Rafael Hettsheimeir is a Brazilian big born in 1986 who has been on the scouting radar for several years now. Actually, he took part in the 2006 Nike Hoop Summit and made his debut on the senior National team very early in his career. However, he has always been the typical guy who misses a little something to become an intriguing prospect (this time, skill repertoire) but who you always keep an eye on just in case he blossoms and becomes a legit NBA prospect.

Playing this season in the competitive LEB league (Spanish second division) with a strong team such as Plus Pujol Lleida, Rafael is becoming an increasingly useful player in Europe. This weekend, he had 21 points and 6 rebounds in barely 26 minutes coming off the bench, to help his team clinch a valuable road victory over Fundacio He’s averaging 10.8 points and 5.2 rebounds in less than 23 minutes per game so far in this campaign.

However, as he becomes more productive at this level, his ceiling as a player seems to be growing thicker, and not precisely at a very high point. Standing 6-9, looking really strong, Rafael has evolved into a very inside-oriented player, virtually a center in a power-forward’s body. He has gained a lot of weight lately, which is hurting his quickness, leaping ability and explosiveness. While he used to be considered a good athlete, he falls into the category of just decent at this moment.

This physical evolution is driving Rafael even closer to the basket, making him a pure center. His first offensive option is usually the low post. He uses his big body pretty well, and his first objective is usually to bang with his match-up without the ball, pushing him as close as possible to the hoop, so he can receive and just turn around to leave the ball on the glass. If he’s not close enough to the basket by the time he gets the ball, he’s not nearly as effective, usually opting for turnaround jumpers or just to pass the ball, which he does nicely. Rafael doesn’t enjoy great footwork, just some basic stuff, and neither is he skilled releasing jump-hooks.

Rafael is basically an off-the-ball player. You won’t see him putting the ball on the floor to attack his opponent. Instead, he looks for open shots near the basket, often finding space from the baseline when a teammate slashes, while being able to finish with powerful dunks whenever he receives under the rim. He’s actually quite aggressive attacking the rim, and he won’t hesitate to try a dunk, even against opposition if he thinks it’s reasonably possible. He’s also pretty active in pick-and-roll plays as the screener, although he’s not the most effective guy in these situations. Being an inconsistent spot-up shooter, he enjoys range out to the three-point line, but so far has failed to turn his stroke into any serious scoring weapon.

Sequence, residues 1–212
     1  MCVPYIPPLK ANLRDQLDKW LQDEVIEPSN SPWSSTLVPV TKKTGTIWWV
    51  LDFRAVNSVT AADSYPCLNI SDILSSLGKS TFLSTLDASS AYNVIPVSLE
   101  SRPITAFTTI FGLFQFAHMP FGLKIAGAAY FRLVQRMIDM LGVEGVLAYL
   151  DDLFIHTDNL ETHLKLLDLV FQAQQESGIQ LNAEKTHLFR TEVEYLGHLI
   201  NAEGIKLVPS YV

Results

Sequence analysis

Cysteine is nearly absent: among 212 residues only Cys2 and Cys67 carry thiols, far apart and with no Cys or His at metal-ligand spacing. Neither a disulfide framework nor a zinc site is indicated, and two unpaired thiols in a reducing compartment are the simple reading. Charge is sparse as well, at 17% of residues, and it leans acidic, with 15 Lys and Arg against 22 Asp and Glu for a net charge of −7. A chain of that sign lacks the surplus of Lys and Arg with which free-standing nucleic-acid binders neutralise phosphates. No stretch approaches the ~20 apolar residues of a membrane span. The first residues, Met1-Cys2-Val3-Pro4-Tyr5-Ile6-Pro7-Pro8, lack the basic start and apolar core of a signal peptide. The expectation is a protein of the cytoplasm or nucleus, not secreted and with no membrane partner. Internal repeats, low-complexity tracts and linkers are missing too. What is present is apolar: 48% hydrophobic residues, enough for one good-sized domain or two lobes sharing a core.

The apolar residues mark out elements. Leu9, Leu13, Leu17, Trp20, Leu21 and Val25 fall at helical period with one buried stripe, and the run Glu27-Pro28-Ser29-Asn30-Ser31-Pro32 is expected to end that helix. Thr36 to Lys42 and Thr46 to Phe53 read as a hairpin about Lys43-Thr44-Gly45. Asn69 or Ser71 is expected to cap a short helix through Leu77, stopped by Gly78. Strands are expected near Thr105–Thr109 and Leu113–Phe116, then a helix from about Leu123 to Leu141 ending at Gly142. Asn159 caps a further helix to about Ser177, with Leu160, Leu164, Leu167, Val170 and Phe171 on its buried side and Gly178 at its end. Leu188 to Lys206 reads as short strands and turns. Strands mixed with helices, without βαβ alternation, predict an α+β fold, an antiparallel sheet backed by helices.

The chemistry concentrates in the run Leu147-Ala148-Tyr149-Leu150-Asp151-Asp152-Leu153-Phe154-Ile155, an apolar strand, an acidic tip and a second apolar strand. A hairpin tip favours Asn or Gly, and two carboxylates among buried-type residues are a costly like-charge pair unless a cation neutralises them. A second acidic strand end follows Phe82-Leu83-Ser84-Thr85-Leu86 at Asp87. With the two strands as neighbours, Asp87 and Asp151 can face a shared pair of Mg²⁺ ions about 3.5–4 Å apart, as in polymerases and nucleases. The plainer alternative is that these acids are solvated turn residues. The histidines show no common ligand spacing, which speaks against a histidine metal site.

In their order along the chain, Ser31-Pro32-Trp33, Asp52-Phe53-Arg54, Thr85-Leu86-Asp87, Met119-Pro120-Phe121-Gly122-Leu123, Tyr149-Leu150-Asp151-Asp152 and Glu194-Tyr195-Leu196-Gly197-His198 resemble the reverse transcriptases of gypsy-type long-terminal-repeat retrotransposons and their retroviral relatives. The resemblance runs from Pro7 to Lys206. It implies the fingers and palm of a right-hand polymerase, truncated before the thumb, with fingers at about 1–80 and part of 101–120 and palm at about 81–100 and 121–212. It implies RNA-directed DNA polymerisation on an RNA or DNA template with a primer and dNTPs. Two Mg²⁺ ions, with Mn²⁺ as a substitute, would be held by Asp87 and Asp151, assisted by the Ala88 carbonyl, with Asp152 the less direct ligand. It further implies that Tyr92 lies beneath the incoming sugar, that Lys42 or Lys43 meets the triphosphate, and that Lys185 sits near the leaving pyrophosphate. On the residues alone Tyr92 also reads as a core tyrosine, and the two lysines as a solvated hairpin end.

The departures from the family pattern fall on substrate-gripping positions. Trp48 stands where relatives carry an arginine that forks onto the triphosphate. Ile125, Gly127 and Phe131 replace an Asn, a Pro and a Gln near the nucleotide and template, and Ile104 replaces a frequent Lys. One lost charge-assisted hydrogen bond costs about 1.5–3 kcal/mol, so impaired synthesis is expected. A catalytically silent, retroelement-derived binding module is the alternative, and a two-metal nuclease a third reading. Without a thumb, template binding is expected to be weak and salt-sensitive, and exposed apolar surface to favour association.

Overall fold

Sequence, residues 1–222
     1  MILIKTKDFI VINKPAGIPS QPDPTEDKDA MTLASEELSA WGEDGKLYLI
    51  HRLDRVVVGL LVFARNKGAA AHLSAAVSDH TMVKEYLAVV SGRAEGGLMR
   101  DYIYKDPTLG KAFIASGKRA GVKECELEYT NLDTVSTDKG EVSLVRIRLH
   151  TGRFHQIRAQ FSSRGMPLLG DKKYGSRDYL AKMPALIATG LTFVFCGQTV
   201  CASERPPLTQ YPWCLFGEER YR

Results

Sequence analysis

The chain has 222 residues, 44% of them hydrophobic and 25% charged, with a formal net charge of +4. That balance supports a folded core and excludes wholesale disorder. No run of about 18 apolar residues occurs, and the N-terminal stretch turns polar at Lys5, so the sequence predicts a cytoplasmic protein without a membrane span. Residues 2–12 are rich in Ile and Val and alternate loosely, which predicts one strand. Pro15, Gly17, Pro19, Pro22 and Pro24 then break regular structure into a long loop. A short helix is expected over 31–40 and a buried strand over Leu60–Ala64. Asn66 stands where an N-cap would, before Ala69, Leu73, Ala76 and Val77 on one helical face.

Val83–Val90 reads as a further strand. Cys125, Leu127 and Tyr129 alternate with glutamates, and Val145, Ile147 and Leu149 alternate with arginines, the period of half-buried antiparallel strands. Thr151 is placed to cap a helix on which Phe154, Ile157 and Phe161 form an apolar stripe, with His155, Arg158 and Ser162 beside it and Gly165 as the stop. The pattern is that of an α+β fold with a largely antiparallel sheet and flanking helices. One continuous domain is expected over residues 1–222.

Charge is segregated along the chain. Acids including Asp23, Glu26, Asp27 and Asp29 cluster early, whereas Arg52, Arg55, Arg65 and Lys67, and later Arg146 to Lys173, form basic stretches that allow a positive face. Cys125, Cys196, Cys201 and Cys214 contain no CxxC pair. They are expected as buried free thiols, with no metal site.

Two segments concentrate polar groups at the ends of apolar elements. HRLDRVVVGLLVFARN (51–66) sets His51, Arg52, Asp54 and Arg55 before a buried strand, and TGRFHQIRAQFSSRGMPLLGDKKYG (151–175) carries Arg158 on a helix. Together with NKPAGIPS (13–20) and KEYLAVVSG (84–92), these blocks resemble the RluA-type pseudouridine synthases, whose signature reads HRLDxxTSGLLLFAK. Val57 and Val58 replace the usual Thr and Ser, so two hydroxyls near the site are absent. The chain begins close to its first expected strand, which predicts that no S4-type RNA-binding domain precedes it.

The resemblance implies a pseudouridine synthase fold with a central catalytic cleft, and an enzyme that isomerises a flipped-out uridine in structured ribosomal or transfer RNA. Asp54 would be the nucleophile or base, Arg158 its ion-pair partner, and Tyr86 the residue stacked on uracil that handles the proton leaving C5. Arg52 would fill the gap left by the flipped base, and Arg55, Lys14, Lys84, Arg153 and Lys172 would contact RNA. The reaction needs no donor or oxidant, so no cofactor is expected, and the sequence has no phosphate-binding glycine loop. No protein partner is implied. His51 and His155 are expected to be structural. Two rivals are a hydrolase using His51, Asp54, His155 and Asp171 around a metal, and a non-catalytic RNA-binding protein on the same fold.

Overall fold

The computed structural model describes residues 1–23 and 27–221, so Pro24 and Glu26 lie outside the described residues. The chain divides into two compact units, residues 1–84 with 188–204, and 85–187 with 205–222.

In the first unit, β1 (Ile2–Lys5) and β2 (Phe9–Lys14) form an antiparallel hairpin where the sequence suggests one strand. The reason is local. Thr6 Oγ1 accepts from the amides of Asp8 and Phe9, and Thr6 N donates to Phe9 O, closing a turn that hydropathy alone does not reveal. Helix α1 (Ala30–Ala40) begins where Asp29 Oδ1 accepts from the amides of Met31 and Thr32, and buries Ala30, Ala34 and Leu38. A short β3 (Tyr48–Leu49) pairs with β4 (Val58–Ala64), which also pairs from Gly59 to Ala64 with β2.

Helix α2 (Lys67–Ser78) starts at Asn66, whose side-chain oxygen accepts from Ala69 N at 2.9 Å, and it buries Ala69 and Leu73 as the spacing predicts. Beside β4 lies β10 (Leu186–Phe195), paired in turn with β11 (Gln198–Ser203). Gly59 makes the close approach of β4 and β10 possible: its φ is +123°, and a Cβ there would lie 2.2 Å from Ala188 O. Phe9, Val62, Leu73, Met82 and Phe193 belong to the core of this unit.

An OK defender, you won’t see Rafael being outmuscled around the basket. However, he can eventually get beat by skilled post players who go strong inside and execute moves that Rafael, focused on not being banged, doesn’t expect, and doesn’t contest. He’s a solid defender on pick and rolls, nicely flashing out to stop the dribbler, but he’s not always equally effective on defensive rotations, sometimes a bit shy when it comes to stepping into the way of an opposing slasher. Besides, he’s not particularly intimidating, given his limited size and leaping ability. A decent rebounder, he takes advantage of his body to gain position, although he sometimes doesn’t properly box-out.

Being automatically eligible this season, there isn’t really much justification to rationalize spending a draft pick on Hettsheimeir. Unless he can make an impression in the NBA pre-draft camp or the EuroCamp in Treviso (showing up in better shape would help), his options are close to none.

State of the Prospect: Who’s Hot

Elmedin Kikanovic had a breakout week showing up with strong games for Red Star both in the ULEB Cup and Adriatic League. With 15 points against Dynamo Moscow and another 18 against Geoplin Slovan, he showcased his ability to put the ball in the net. Standing 6-11 and enjoying long arms, the 1988-born Kikanovic is a physically underdeveloped inside player, who looks really skinny and indeed suffers against physical play, particularly on the defensive end. However, he’s guy who doesn’t back off contact, and tries to stay aggressive. It’s particularly evident on the offensive end, where he shows excellent ability to finish continuations and anything that falls in his lap near the basket, not hesitating to throw himself against the rival to get closer to the basket, and still being able to convert the two points despite the contact. He also seems pretty skilled with his right-handed jumphook, and there’s some promise in his mid-range stroke. On the other hand, he’s still not much of a rebounder, usually getting outmuscled, but he could have some decent potential here down the road, as he nicely throws both arms up in the air and might end up with good hands once they get stronger, although he needs to show more activity hitting the glass.